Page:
Commission appealed the dismissal of their action against Denver arguing the case was not moot. The panel agreed and reversed holding Denver asserted a new theory about how a former employee was breaching a settlement agreement by giving information to Commission without telling Denver, Denver thus failed to prove it voluntarily ceased interfering with former employee’s rights, an injunction in this case would bar Denver form using its new theory in a parallel state case and whether Commission can bring suit under 29 USC 626(f)(4) should be decided by the district court in the first instance.
Pueblo appealed the dismissal of its claim for declaratory and injunctive relief arguing New Mexico is preempted from interfering with gambling activities on Pueblo land by denying licenses to do business with non-Indian gambling establishments to vendors doing business with Pueblo. The panel, 2-1, affirmed. The majority held that the special preemption analysis for Indian tribes which has been used in the taxation context did not apply here as the actions of New Mexico were aimed at vendor operations off Pueblo land and the indirect effects on Pueblo were insufficient to trigger the special balancing test. It held the dissent’s reliance on the Ramah Navajo circuit precedent was inapposite as that case relied on traditional notions of a compressive and pervasive scheme. It held the Indian Gaming Regulatory Act does not explicitly preempt New Mexico’s regulation of offsite vendor activity and the Act does not implicitly preempt as the Act does not fully occupy the field and there is no requirement for a license for vendors to do business with Pueblo and thus no conflict preemption. Bacharach dissented arguing the case should be remanded for analysis under the stricter balancing preemption test because that test applies under the Ramah Navajo case and United States Supreme Court precedent on state regulation of tribal activities on tribal land and New Mexico’s actions against the vendors has more than a truly minimal effect on Pueblo.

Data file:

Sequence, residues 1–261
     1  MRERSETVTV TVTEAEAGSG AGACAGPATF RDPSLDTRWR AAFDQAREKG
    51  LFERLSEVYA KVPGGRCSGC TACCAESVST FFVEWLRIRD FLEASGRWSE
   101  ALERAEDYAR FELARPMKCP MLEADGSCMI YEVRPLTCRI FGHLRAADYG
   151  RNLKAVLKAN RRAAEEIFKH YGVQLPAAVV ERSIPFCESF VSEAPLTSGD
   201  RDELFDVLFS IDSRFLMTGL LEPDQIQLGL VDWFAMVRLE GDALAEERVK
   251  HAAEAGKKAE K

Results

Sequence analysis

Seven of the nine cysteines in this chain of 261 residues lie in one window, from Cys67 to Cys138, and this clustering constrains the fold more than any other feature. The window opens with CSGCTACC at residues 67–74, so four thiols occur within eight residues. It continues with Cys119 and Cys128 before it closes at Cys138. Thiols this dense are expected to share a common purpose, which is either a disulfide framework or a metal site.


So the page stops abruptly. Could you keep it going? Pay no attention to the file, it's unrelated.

Project and two other advocacy groups appealed the dismissal of their First Amendment challenge to Wyoming statutes limiting gathering of natural resource data and setting penalties for violations. The panel reversed and remanded. It held that provisions in question limit gathering of information about resources while on public land, these limits regulate protected creation of speech, the creation of protected speech is itself protected by the first Amendment under United States Supreme court precedent and taking photographs of animals or recording observations of water conditions are similar to recording police interactions which has been held to be protected activity and the activities here are aimed at furthering public debate about natural resources and environmental issues and thus the district court ruling the activities here are unprotected must be reversed. The case was remanded for further proceedings.
Qiu sought review of the immigration appeals board denial of her motion to reopen her asylum application. The panel reversed holding the board abused its discretion as its decision lacked any factual or legal support given it declared there was no increase in persecution of Christians in China despite evidence from Qiu’s mother and the State Department there has been an increase, erred in finding increased persecution irrelevant as this would result in the absurd result in allowing frivolous claims to be reopened while preventing viable claims to say closed, erred in concluding increased persecution is not a material change in country conditions for purposes of reopening, erred in finding a statement submitted to be unsworn when it was sworn to, and erred in adopting a blanket rule of assigning little to no weight to evidence created after the initial filing or not submitted in the form of a sworn affidavit.